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Schools to open or not to open

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June 22 should have seen the re-opening of schools across the country for the start of the second term if a program announced by the Minister of Education and Sports, First Lady Janet Museveni, was being followed. But schools are not opening. Instead, the whole education sector is under a cloud of uncertainty with the government seems unable to offer direction on how to safely re-open schools after a three-month COVID-19 imposed lockdown.

The three months during which schools have been shut should have enabled the government work so fast to come up with mechanisms of ensuring that schools reopen even with the pandemic,” says Nicholas Ssewajje, an English language and literature teacher, “The indecision and uncertainty surrounding the reopening of schools has just exposed the government’s weakness which it cannot defend anymore.”

The confusion has left the fate of 15 million learners and 500,000 teachers in Uganda hanging.

President Museveni recently said some parents have petitioned him not to reopen schools saying it will be difficult to observe measures that stop the spread of coronavirus. Researchers from Makerere University’s School of Natural Sciences on June 16 also warned the government against reopening. They want a total lockdown until October.

Earlier, on June 11, MPs on the National Economy Committee of Parliament said in a meeting with members of the Uganda Vice-Chancellors’ Forum that they want the government to declare the 2020 academic year “a dead year for education.”

They argued that with a whole three months of First Term lost since schools were locked down in March, it is impossible for the learners to complete the syllabus. They also knocked down a proposal by President Museveni to allow final year students in Primary Seven, Senior Four, Senior Six, and tertiary institutions to complete their courses.

“Allowing candidate classes to resume and sit for examinations will clog the entire system since non-candidates will not have progressed to the next classes,” said Kassiano Wadri, the MP for Arua Municipality in northwestern Uganda.

“Forget about education this year and resume next year after adequate planning,” said Elijah Okupa, the MP for Kasilo County in eastern Uganda.

The Chairperson of the Committee, the Nakaseke North MP, Syda Bbumba, reminded everyone that schools and the hostels in which some students live are ranked as high-risk areas, according to the Centres for Disease Control and Prevention guidelines on the spread of the coronavirus disease.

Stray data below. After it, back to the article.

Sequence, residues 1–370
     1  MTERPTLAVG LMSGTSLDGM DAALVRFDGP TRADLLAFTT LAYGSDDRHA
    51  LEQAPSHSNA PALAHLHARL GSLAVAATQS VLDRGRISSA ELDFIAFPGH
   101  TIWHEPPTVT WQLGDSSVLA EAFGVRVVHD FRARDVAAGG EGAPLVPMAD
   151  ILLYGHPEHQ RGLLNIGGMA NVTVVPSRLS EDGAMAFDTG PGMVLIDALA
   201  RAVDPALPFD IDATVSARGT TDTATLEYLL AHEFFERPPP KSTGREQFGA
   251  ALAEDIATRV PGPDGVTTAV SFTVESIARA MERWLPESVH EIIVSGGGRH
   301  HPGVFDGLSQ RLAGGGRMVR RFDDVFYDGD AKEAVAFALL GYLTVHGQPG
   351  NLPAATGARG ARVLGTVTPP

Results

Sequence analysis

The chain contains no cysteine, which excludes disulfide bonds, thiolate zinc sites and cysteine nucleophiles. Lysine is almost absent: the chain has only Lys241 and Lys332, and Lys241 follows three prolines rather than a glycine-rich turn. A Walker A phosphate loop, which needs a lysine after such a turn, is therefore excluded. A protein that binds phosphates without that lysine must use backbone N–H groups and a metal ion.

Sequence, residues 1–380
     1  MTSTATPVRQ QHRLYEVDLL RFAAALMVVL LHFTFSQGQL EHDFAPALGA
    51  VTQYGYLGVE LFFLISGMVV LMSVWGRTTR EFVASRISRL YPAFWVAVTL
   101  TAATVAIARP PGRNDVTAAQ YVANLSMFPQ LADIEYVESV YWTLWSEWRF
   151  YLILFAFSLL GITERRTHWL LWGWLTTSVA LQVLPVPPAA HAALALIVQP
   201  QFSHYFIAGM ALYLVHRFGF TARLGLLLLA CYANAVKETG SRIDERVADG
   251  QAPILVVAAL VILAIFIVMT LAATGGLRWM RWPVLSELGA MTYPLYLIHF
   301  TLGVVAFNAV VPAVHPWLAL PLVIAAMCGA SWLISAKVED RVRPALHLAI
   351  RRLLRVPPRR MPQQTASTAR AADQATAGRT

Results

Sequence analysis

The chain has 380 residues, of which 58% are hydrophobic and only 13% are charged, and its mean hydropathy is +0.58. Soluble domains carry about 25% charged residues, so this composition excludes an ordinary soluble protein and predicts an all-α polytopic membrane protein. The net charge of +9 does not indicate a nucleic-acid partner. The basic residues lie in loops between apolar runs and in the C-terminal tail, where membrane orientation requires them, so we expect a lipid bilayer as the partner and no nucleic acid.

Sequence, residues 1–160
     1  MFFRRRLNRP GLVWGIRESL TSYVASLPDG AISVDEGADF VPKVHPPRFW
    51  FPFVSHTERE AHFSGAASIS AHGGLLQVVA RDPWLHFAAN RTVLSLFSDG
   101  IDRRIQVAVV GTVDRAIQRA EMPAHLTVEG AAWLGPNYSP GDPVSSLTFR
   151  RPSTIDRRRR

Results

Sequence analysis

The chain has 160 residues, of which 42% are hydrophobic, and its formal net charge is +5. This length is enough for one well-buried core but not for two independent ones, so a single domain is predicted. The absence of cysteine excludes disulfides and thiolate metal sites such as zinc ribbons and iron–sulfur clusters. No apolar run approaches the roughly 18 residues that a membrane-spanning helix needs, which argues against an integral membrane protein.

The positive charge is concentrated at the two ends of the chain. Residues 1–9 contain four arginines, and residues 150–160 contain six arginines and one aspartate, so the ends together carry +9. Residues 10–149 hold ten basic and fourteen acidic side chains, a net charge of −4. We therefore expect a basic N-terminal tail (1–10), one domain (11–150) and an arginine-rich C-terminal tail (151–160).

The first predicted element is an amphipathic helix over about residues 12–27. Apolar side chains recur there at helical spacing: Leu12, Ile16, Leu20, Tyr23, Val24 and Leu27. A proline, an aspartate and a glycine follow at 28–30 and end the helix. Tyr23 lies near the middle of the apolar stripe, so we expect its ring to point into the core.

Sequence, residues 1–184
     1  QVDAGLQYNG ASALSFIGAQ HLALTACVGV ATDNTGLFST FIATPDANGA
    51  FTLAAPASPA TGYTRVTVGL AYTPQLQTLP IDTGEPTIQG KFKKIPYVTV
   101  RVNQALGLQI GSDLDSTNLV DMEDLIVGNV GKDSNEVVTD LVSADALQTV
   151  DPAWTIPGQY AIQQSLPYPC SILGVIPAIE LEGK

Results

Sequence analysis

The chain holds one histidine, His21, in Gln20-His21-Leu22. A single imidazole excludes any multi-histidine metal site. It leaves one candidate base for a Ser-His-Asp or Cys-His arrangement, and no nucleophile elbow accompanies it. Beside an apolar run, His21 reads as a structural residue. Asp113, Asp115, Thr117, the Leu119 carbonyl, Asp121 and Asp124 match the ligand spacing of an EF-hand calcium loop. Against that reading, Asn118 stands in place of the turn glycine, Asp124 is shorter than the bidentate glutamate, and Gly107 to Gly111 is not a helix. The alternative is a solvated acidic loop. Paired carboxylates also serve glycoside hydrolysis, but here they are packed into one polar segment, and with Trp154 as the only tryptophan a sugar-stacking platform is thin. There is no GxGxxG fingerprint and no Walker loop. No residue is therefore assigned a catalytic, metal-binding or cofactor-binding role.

“The hostels and classrooms are too crowded to apply social distancing,” said Aswa County MP Reagan Okumu. Renowned Ugandan educationist, Fagil Mandy, possibly captured best the sentiment of those against the reopening of schools.

“Dead people do not sit examinations,” he is quoted to have said recently, “You would rather stay at home and repeat the year.”

But others say stopping the academic year is unrealistic since nobody knows when the COVID-19 pandemic will end. They want the government to adopt means of living with the pandemic.

On June 15, the Minister of State for Higher Education, John Chrysostom Muyingo, announced that cabinet had resolved to reopen 100 tertiary institutions and 50 universities.

“These are easier to manage without breaching Covid-19 measures relating to physical distancing requirements because they have fewer student numbers compared to Primary and Secondary schools.” He said the government has thrown out the original proposal to reopen candidate classes only because “it is not workable and would affect the entire school promotion system.”

“What happens to children in S1 who remain unpromoted having had a dead year yet those of P7 went on to sit their examinations and were ready to enroll for Senior One? The same applies to S4 and even S6,” he said, “Since that puzzle can’t be resolved, the plan to reopen candidates’ classes only is permanently off the table.”

It is significant that the minister did not say when the tertiary institutions and universities would reopen. And his statement appeared to fuel more uncertainty since the government positions appeared to be shifting with every meeting.

Just four days earlier, another cabinet meeting had resolved to keep all educational institutions shut. At that point, the government said it would buy 10 million radio sets for households and 137,466 solar-enabled TV sets for the 68,000 villages to enable long-distance audio and visual learning of children at the pre-university level who are locked at home.

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